Muna-Butung Macaque (Macaca brunescens)


MORPHOLOGY:
This species has cheek pouches to carry food in while it forages.

RANGE:
The muna-butung macaque is found on the islands of Sulawesi which are part of the country of Indonesia. This species lives in the rainforests of moderate elevations.

ECOLOGY:
This is a diurnal species. The muna-butung macaque feeds on fruit and leaves. Group sizes for this species range from 13 to 21 individuals.

LOCOMOTION:
The muna-butung macaque is a quadrupedal species (Fleagle, 1988).

SOCIAL BEHAVIOR:
The muna-butung macaque has a multimale-multifemale social system. Females remain in their natal group with the onset of maturity, but males will disperse shortly before adolescence. There is a hierarchical system amongst group members based upon the matriline.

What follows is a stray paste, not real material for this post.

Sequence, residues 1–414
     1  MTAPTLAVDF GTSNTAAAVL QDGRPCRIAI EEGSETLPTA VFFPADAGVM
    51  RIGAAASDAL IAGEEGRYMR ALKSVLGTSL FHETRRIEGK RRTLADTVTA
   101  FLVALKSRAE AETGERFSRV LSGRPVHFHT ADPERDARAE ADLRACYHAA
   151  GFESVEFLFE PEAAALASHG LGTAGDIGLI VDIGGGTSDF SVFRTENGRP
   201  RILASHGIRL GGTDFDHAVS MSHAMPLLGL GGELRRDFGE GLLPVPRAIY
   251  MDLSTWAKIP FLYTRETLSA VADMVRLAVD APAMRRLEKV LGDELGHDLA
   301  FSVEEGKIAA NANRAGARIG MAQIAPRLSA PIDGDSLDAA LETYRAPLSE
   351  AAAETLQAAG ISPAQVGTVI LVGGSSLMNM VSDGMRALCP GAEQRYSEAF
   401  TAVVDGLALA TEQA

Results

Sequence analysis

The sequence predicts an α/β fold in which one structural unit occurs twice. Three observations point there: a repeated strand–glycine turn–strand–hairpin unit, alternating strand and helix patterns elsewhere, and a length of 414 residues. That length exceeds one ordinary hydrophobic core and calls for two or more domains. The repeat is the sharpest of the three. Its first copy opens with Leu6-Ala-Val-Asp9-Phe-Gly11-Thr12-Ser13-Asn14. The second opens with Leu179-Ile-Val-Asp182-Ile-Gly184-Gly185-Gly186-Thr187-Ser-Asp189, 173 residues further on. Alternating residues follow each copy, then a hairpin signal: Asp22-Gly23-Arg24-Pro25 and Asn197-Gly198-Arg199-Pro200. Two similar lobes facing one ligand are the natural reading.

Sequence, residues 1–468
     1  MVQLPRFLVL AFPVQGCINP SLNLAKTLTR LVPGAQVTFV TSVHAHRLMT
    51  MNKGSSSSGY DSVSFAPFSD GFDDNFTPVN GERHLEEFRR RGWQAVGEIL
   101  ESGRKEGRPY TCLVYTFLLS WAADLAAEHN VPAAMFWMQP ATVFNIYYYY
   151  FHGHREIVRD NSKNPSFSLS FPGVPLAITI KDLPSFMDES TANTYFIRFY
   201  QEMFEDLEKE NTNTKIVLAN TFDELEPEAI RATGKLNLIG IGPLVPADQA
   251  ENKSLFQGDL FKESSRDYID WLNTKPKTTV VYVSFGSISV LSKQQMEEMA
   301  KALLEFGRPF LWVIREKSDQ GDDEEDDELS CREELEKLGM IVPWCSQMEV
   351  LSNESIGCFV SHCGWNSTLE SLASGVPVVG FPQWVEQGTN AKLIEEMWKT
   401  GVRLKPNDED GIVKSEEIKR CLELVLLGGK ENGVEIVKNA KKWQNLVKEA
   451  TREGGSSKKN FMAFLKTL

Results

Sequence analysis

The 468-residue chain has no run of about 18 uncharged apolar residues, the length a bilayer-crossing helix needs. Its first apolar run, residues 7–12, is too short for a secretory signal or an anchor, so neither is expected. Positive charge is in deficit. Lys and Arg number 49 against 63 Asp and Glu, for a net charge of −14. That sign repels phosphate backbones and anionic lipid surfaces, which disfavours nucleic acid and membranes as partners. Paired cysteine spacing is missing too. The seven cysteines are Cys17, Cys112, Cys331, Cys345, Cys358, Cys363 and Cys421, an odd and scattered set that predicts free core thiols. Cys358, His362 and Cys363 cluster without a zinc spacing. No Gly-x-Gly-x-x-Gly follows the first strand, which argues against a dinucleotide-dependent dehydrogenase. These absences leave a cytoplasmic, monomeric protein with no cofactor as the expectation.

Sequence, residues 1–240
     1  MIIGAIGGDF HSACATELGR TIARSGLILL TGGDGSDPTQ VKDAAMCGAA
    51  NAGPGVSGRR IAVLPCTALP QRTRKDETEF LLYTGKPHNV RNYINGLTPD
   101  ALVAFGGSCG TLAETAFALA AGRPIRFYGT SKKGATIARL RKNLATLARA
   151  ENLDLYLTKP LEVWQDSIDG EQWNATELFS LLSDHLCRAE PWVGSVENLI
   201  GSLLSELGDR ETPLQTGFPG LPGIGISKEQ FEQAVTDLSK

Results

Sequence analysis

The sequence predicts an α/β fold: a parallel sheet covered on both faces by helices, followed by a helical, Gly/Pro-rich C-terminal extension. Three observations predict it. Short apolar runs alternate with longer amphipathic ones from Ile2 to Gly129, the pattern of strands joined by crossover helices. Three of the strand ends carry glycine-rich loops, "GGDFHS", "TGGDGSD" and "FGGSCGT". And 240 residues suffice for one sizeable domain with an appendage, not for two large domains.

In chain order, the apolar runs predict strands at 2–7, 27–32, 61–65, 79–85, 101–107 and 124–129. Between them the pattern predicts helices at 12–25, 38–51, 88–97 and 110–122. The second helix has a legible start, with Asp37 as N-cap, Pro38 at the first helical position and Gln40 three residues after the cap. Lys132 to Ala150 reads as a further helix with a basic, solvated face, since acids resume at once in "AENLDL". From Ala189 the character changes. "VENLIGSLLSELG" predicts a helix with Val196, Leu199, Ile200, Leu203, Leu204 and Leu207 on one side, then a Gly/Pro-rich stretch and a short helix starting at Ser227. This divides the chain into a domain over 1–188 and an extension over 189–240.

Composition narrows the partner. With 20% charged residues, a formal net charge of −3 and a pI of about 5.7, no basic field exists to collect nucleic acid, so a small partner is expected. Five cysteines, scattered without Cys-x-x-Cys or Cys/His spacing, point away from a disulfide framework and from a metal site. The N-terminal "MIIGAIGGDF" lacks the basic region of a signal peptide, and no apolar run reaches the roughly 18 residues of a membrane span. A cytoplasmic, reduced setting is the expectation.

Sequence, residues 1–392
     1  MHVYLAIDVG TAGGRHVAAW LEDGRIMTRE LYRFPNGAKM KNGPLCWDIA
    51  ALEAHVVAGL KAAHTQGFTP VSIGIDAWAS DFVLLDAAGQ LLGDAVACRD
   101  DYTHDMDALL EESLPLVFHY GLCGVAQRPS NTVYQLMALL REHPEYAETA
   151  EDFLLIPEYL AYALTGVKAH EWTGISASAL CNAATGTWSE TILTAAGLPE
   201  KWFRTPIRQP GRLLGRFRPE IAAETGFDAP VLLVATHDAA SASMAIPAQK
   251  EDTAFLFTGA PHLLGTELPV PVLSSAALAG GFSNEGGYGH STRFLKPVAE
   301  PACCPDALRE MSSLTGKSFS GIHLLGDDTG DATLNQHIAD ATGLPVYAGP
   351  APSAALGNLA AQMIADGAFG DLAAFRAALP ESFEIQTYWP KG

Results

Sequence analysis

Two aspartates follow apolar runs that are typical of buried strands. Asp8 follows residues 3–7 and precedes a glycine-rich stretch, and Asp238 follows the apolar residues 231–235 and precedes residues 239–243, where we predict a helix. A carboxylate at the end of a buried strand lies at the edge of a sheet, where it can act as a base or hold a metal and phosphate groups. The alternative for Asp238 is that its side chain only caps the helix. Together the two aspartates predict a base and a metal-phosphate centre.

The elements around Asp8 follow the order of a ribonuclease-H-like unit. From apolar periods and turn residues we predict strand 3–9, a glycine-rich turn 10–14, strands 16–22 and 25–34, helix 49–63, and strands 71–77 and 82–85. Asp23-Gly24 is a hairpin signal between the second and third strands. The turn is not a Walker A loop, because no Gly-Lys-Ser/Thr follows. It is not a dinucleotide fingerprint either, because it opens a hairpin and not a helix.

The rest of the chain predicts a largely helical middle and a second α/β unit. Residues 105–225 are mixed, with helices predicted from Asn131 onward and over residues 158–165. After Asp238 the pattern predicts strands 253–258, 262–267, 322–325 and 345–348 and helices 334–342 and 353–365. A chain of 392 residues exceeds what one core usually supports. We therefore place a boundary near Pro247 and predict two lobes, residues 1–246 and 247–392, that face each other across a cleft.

VOCAL COMMUNICATION:
scream calls: This call is given by the muna-butung macaque when they approached by a non-group conspecific.

OLFACTORY COMMUNICATION:

VISUAL COMMUNICATION:
fear grimace: The lips are retracted so that the teeth are shown; the teeth are clenched together (Estes, 1991). This display functions as an appeasement signal to reduce aggression in aggressive encounters (Estes, 1991).

staring with open mouth: This is the stare accompanied by the mouth being open but the teeth are covered (Estes, 1991). This is a threat expression (Estes, 1991).

TACTILE COMMUNICATION:

REPRODUCTION:
The muna-butung macaque gives birth to a single offspring.

REFERENCES:
Burton, F. 1995. The Multimedia Guide to the Non-human Primates. Prentice-Hall Canada Inc.

Estes, R.D. 1991. The Behavior Guide to African Mammals. University of California Press.

Fleagle, J. G. 1988. Primate Adaptation and Evolution. Academic Press.

Last Updated: June 14, 2007.
[The Primata] [Primate Evolution] [Primate Taxonomy] [Primate Conservation] [Primate Fact Sheets] [Primate Definitions] [Primate Store] [Macaca Links]